, , ,

Let’s get it right out there: this is a summer blockbuster movie whose source material is a comic; if you don’t like those, don’t see the movie. For the rest of us, this is one of the more clever, even at times surprising, super hero movies I’ve seen. While I won’t squee the way Ms. Hather of Bright Eyes Long Lashes fame, I quite enjoyed this movie, even more than I anticipated.


Not that you want to analyze the time travel thing (of course, it’s never wise to do so in a movie) nor is it a particularly novel idea to fix the timeline so we’re not wiped out in the future (Terminator anyone?) but this is a particularly interesting expression of the ideas executed in a brilliant way. This fabulous cast with Singer’s direction takes the theme of living and working with and caring for those different than ourselves being key to peace and survival from the original X-Men movie (and it’s source material) to a new conclusion. We all have our pain and difficulties; we have our desires and goals. These often conflict. We seem to be OK in managing this conflict if we see those with whom we have conflict as like us; if we view them as not like us, not so much. There is, yes even in a blockbluster, some thoughtful interaction and relationships among the cast of characters. Xavier/Charles & Mysticque/Raven, Xavier/Charles & Magneto/Erik, Logan and, well everybody.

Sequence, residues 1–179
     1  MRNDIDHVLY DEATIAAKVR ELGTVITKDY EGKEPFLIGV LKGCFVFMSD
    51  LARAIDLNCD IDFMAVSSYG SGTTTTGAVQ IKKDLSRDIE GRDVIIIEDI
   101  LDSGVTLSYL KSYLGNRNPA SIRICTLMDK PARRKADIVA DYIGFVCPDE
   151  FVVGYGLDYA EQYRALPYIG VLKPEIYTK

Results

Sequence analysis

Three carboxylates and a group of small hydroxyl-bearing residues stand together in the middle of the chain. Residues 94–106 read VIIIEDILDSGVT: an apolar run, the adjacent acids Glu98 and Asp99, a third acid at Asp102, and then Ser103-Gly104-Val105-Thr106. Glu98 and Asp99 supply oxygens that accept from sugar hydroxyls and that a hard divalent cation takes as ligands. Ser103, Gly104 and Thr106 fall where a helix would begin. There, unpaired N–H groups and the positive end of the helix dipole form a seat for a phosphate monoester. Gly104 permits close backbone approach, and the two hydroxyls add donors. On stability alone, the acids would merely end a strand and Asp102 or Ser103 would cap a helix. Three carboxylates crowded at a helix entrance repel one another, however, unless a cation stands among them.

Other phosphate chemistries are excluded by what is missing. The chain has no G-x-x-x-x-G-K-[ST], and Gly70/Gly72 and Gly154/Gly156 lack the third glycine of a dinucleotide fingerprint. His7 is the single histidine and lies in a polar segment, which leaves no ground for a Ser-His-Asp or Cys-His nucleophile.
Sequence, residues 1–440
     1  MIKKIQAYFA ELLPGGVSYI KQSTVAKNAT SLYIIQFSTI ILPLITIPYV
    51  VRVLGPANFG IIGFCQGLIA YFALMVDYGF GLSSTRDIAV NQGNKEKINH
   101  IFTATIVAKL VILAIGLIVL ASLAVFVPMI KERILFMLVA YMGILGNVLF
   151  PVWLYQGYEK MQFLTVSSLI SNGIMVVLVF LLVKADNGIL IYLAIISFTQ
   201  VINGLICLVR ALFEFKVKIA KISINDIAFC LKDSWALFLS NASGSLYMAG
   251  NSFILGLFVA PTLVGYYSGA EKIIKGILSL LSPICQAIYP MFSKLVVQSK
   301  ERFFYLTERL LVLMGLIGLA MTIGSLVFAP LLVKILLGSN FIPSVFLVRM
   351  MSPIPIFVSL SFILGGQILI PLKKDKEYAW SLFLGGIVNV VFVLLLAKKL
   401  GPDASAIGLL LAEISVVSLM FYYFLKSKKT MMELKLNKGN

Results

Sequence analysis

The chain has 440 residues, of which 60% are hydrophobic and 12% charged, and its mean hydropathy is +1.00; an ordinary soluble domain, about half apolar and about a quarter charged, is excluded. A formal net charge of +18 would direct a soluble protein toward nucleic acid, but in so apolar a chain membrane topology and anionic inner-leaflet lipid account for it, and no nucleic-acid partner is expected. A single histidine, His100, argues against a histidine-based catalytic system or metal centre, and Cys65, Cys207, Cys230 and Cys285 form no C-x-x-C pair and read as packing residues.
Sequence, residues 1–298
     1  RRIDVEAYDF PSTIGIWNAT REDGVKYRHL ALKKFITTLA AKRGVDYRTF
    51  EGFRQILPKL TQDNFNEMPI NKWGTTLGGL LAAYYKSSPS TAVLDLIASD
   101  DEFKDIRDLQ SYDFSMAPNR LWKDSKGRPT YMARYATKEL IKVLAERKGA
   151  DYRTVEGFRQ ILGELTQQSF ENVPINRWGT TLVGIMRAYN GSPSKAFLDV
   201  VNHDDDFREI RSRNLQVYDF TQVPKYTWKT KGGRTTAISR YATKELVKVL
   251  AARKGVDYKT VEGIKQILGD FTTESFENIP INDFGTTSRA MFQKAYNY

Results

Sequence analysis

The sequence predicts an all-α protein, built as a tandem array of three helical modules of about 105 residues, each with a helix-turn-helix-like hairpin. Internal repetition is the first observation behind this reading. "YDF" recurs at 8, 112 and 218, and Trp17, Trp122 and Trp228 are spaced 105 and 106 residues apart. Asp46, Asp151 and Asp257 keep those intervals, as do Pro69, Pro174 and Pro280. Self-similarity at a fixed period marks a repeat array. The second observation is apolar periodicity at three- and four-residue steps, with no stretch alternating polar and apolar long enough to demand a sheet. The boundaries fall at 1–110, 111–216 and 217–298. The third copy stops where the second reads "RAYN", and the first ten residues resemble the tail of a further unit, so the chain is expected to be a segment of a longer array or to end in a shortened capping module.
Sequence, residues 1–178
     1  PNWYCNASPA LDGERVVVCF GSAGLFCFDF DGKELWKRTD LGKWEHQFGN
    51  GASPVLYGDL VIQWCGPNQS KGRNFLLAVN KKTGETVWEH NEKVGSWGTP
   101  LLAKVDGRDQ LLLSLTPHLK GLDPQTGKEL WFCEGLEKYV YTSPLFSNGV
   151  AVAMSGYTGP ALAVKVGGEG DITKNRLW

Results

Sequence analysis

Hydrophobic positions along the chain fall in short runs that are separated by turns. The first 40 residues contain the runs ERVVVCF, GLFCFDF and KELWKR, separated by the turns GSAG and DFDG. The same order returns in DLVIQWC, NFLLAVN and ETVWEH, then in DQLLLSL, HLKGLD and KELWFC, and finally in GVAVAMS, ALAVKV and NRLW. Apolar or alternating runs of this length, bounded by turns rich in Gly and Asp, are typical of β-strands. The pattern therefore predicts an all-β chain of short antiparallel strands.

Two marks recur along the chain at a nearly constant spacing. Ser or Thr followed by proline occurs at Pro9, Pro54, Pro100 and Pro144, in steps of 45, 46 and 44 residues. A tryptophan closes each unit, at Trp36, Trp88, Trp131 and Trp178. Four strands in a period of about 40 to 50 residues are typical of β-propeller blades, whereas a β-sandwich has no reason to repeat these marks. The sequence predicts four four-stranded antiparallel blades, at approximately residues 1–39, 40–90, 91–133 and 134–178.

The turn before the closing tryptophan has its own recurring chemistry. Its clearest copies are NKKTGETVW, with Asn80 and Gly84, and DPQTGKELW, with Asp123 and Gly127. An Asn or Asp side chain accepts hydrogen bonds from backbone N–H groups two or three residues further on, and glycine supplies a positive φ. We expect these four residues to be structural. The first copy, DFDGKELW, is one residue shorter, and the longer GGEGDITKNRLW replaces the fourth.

The film had an amazing cast, many of whom were under-utilized due to the narrative and overwhelming casts of characters. The characters who did have screen time really shined through. Jennifer Lawrence brought Raven/Mystique to an integral role with some depth and emotion where before she was an amazingly flexible fighter, morphed to someone else and looked great. James McAvoy and Michael Fassbender both were amazing in their roles (about which more below the spoiler lines). Peter Dinklage as evil scientist Dr. Bolivar Trask was brilliant


Evan Peters was brilliantly funny as Peter/Quicksilver. Mark Camacho did an amazing job with President Richard Nixon; that was a tour de force. Hugh Jackman makes it all look easy, but he perfectly mixes angst and action with subtle comedic timing.


X-Men was so much more than a mere super hero action vehicle. It had real drama, solid relationships and even character growth. I highly recommend it.





Mr. McAvoy brought a great range to the character from washed up druggie to the Professor. His transition was believable and his pain, care and concern palpable.


Mr. Fassbender was great. He has cool and intense down. However, he had less of an opportunity to shine and was, somewhat arbitrarily, made the über villian.  Why Erik immediately goes for the kill on Mystique doesn’t quite make sense. When that doesn’t work, we’ll let’s just go immediately to kill the president  and others. Killing seems to be his first option, not last resort.

X-Men-Days-of-Future-Past-HD-Image Erik

One of my favorite scenes in the movie was Quicksilver’s enabling Erik’s escape; it was hilarious. Sure they came in, used him and left. All of that was a bit abrupt, but seriously, do you want to rely on Peter if you don’t have to? He’s a bit like using nitro glycerin – great stuff but touchy.

Quicksilver-days-of-future-past (1)

Humor, action, amazing cast, well directed and a great depiction of the 70s and Nixon to boot. What’s not to love about this film? Bryan Singer did a great job and redeemed the X-Men franchise (The Wolverine anyone?)

Available at Amazon:



Three nice reviews that provide some different perspectives:


X-Men United: X-Men Days Of Future Past Review

Review: X-Men: Days of Future Past (2014